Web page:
When we take the word Include and Inclusion and understand the meaning in its literal state; ‘Parts of a whole’ is one definition. Perhaps, we were never meant to separate, and we are now realizing that it is important for children to understand special needs, as this will correct the future and inclusion will not be an afterthought. Years ago in Canada, the school system did not include children with special needs; hence the capacity for understanding was low. A child with Autism was simply a ‘bad child’ who will straighten out with discipline. The term wheelchair accessible was not a common phrase, and we did not feel the need to ‘include’ this group of people.
Children with various physical or cognitive disabilities, such as autism, Down’s syndrome, hearing impairment, developmental issues, and cerebral palsy, all thrive on experiential learning that can be amplified by travel. Yet it’s often difficult for their families to find places to stay, activities, and airlines that are accommodating of their issues. For instance, if your child will need a specific type of rental car seating, van service, or car seat, what is the best local option? Why are children's clubs sorted by age & not ability?
38.8 million adults in the US alone, whose families are touched by the 11 million diagnosed special needs children in the country. That audience is 16% of all US adults, who collectively spent $600 billion on leisure and travel has solidified the need for ‘inclusion’ in travel.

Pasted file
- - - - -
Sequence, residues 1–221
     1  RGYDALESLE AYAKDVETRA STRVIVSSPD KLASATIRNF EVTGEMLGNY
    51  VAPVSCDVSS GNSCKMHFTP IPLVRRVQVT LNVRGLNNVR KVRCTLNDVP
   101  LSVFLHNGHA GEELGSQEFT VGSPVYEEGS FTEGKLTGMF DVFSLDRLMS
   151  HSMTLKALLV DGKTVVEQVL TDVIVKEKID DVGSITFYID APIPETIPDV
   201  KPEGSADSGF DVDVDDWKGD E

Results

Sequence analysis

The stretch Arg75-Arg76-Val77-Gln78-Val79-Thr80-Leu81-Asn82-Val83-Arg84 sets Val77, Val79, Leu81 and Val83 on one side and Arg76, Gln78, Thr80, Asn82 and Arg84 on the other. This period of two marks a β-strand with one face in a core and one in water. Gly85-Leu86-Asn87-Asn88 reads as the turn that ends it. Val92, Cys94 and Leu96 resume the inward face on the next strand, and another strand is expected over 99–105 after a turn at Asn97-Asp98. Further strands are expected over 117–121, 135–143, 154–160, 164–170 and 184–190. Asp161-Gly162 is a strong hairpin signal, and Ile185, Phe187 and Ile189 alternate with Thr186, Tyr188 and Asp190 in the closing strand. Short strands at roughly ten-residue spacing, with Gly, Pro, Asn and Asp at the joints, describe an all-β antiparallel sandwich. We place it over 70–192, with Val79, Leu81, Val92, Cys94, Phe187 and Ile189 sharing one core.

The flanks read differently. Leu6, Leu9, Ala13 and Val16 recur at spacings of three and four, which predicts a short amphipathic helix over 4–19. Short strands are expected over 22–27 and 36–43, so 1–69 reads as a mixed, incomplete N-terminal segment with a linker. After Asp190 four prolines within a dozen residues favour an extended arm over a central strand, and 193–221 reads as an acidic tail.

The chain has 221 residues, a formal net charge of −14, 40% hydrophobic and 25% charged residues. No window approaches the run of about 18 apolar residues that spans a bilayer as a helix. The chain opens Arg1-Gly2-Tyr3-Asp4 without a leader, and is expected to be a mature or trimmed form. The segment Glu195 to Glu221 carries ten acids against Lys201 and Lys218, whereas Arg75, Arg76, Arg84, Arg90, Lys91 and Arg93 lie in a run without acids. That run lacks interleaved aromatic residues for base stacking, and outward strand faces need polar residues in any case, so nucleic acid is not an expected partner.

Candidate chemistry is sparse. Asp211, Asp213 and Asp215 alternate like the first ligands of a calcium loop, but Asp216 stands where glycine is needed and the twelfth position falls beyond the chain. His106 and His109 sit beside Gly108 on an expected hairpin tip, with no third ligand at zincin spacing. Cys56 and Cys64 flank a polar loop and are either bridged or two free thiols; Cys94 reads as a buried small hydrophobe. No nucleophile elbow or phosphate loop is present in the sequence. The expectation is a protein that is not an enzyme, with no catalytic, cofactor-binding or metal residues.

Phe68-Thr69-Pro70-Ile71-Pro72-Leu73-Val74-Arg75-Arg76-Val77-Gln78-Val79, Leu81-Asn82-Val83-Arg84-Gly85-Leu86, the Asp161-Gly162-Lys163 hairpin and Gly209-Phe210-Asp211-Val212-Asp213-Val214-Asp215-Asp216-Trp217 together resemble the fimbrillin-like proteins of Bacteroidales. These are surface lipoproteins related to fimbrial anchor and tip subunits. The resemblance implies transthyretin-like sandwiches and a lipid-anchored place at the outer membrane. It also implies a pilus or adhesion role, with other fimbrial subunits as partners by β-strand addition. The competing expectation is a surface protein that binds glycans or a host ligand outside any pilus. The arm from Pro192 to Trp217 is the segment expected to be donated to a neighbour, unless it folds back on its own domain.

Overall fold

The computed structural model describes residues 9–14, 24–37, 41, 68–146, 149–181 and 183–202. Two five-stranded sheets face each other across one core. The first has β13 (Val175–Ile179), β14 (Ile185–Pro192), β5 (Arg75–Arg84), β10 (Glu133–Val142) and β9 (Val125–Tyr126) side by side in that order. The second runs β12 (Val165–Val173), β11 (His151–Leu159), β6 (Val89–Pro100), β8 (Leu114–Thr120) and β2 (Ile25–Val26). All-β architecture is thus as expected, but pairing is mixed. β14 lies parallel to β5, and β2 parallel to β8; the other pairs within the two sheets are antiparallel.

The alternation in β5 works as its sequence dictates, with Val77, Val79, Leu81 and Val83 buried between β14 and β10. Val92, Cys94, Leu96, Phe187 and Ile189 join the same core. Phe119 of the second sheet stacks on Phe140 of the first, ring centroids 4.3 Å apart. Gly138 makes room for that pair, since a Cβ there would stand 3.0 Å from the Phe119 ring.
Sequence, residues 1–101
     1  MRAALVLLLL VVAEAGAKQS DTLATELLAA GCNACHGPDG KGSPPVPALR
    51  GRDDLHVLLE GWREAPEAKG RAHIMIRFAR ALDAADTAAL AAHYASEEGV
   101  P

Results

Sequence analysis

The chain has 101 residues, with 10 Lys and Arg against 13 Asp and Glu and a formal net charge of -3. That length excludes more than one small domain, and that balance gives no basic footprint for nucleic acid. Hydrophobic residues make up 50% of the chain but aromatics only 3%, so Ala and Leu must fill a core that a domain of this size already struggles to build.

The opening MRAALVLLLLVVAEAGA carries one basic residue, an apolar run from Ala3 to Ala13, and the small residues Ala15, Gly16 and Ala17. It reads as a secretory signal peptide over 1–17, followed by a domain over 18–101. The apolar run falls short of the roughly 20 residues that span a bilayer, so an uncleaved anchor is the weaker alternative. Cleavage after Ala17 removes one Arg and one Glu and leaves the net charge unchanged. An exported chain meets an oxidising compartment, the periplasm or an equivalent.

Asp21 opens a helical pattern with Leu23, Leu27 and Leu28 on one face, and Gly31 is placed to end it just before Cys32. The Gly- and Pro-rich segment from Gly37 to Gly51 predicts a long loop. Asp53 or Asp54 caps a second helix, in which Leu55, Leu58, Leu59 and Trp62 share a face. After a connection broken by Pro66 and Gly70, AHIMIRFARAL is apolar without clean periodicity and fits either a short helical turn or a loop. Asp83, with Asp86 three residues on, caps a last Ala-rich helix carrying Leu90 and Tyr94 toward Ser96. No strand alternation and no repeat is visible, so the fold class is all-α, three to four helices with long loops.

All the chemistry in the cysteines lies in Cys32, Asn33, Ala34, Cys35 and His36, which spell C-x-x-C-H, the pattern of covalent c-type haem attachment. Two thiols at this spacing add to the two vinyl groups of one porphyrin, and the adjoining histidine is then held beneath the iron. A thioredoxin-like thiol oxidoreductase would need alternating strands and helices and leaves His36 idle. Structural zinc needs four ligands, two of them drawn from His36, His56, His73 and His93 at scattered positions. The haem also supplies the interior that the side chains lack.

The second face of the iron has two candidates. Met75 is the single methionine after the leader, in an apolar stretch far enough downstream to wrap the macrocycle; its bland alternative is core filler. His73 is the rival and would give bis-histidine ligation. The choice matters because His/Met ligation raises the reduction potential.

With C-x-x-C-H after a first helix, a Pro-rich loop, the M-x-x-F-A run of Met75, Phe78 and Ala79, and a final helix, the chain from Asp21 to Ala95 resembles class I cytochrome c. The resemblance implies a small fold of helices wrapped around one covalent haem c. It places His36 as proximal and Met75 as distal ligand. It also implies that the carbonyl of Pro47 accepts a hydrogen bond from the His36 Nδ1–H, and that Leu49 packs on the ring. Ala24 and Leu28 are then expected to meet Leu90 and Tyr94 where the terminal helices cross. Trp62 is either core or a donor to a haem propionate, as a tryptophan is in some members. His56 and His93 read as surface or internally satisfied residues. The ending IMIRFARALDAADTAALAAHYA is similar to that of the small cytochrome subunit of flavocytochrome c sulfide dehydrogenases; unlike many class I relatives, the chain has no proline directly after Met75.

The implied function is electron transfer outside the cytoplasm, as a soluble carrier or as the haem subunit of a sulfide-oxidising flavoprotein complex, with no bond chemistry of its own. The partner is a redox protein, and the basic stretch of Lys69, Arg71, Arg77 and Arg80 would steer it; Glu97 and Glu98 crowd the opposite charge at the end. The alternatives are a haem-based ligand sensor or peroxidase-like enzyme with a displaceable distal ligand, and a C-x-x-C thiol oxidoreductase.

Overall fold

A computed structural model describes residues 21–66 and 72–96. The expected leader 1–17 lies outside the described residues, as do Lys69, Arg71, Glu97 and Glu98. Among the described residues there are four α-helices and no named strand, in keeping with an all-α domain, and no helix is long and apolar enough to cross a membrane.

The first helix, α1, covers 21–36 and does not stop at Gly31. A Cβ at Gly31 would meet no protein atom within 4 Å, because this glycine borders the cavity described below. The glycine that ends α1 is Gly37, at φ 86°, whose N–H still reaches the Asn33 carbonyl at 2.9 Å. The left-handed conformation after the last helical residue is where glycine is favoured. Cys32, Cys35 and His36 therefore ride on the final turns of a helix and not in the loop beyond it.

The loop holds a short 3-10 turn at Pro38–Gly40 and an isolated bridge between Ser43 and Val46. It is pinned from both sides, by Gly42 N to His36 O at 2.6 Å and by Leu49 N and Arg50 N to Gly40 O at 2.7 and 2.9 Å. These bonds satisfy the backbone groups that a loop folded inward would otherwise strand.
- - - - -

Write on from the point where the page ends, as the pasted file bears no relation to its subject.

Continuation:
When MS created a new journey for me in the travel industry, it became very apparent that ‘special needs’ was not a conversation that the travel industry was interested in having. During travel presentations given by large travel suppliers, my hand was consistently raised; asking “What facilities are there for people with various disabilities”. The response was a puzzled look, and a short quick answer, “We will assist in any way possible”. The word ‘possible’ was not a clear concise understanding of what is necessary for adults, and children to travel.
It is very evident there is a critical niche that would like to see the world and the travel industry by not providing options; is missing a large piece of the puzzle. The world is filling a void by creating accessible destinations for the physically disabled and creative destinations for families with a special needs child. Families; specifically those with a special need child have been faced with separate vacations, and never having a solution that created ‘parts of a hole’ in travel planning. Parents did not think that facilities existed where during vacationing siblings could enjoy separate activities as well as family together time. Parents did not imagine that during a holiday they could plan a romantic dinner while their children enjoyed safe activities. It is wonderful to see companies include special needs children in their toy catalogs; however, I hope that the day comes when ‘special needs’ is not an afterthought…